The following scenario is hypothetical but something that theoretically could happen in a high stakes Vintage tournament (damn you, Brian Kelly).
Player A activates Oath of Druids, targeting player B, and putting Gisela, Blade of Goldnight into play. Player A passes the turn to player B, who casts Phyrexian Metamorph. When Phyrexian Metamorph resolves, player B chooses Gisela and passes the turn back to player A. Player A chooses not to use Oath of Druids, proceeds to the declare attackers step, and moves their copy of Gisela into the red zone as an attacker. Player B blocks with the Metamorphed Gisela. Player A asks if combat damage occurs, Player B says yes. Player A picks up their copy of Gisela and places it into their graveyard, then proceeds to cast a Preordain in their second main phase. Player B picks up their copy of Gisela and places back among their other creatures.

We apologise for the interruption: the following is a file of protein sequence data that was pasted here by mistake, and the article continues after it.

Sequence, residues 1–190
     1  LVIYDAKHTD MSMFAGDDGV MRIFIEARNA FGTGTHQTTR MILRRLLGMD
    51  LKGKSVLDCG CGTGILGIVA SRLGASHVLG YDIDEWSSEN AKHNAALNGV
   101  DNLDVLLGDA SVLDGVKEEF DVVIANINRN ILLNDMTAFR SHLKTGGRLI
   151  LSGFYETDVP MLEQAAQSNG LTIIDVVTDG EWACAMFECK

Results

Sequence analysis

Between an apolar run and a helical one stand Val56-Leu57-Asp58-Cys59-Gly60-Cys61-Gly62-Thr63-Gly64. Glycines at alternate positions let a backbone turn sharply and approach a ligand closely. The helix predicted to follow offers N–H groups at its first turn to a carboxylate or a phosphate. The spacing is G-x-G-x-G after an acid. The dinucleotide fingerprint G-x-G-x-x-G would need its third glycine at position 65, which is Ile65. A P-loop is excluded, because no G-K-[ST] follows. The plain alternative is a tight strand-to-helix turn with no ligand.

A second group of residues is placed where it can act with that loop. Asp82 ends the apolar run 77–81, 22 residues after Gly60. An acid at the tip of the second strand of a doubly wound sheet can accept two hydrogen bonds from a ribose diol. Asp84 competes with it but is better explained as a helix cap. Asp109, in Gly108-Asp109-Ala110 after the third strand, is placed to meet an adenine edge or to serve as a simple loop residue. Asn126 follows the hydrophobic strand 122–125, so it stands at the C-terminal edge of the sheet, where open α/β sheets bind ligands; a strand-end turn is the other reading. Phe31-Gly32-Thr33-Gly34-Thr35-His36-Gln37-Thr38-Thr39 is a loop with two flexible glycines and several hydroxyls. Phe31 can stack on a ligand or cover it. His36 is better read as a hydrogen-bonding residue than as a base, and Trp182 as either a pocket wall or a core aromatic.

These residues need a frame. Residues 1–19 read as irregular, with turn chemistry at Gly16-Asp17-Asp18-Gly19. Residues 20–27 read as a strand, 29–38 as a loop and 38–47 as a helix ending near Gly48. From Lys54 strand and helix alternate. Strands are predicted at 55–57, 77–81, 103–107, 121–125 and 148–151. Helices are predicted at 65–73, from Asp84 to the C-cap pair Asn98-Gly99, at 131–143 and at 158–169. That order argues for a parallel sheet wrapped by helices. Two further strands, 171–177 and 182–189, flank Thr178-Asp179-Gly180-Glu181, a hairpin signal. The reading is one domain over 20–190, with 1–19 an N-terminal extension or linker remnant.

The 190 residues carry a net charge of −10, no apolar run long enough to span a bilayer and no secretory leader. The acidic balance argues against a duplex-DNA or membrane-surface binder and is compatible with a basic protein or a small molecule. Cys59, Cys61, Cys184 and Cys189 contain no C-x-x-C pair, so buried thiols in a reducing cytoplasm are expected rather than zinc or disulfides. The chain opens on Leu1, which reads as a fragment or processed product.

As player A is resolving Preordain, player A notices that Gisela is still on the battlefield and says that it should be in the graveyard. Player B responds by saying
"The player whose permanent is being dealt damage chooses the order in which replacement effects are applied. The optimal line and the way it is handled on MTGO is that the damage reduction is applied first, reducing the damage dealt from 5 to 2 (Gisela rounds up the amount of damage prevented). Your Gisela's effect will then double it to 4 and my Gisela will survive combat. As for your Gisela, I assumed you chose to stack the replacement effects in the opposite order so that 5 damage is doubled to 10 and then halved to 5 since you placed the card in your graveyard."
At this point, a judge is called.
As a judge, how would you handle this situation? Would it be different if the players would be reversed (i.e. does turn order matter)?
Note: This is not a line of play I would make, recommend, or endorse. I am however curious how the rules would be applied if this situation were to happen.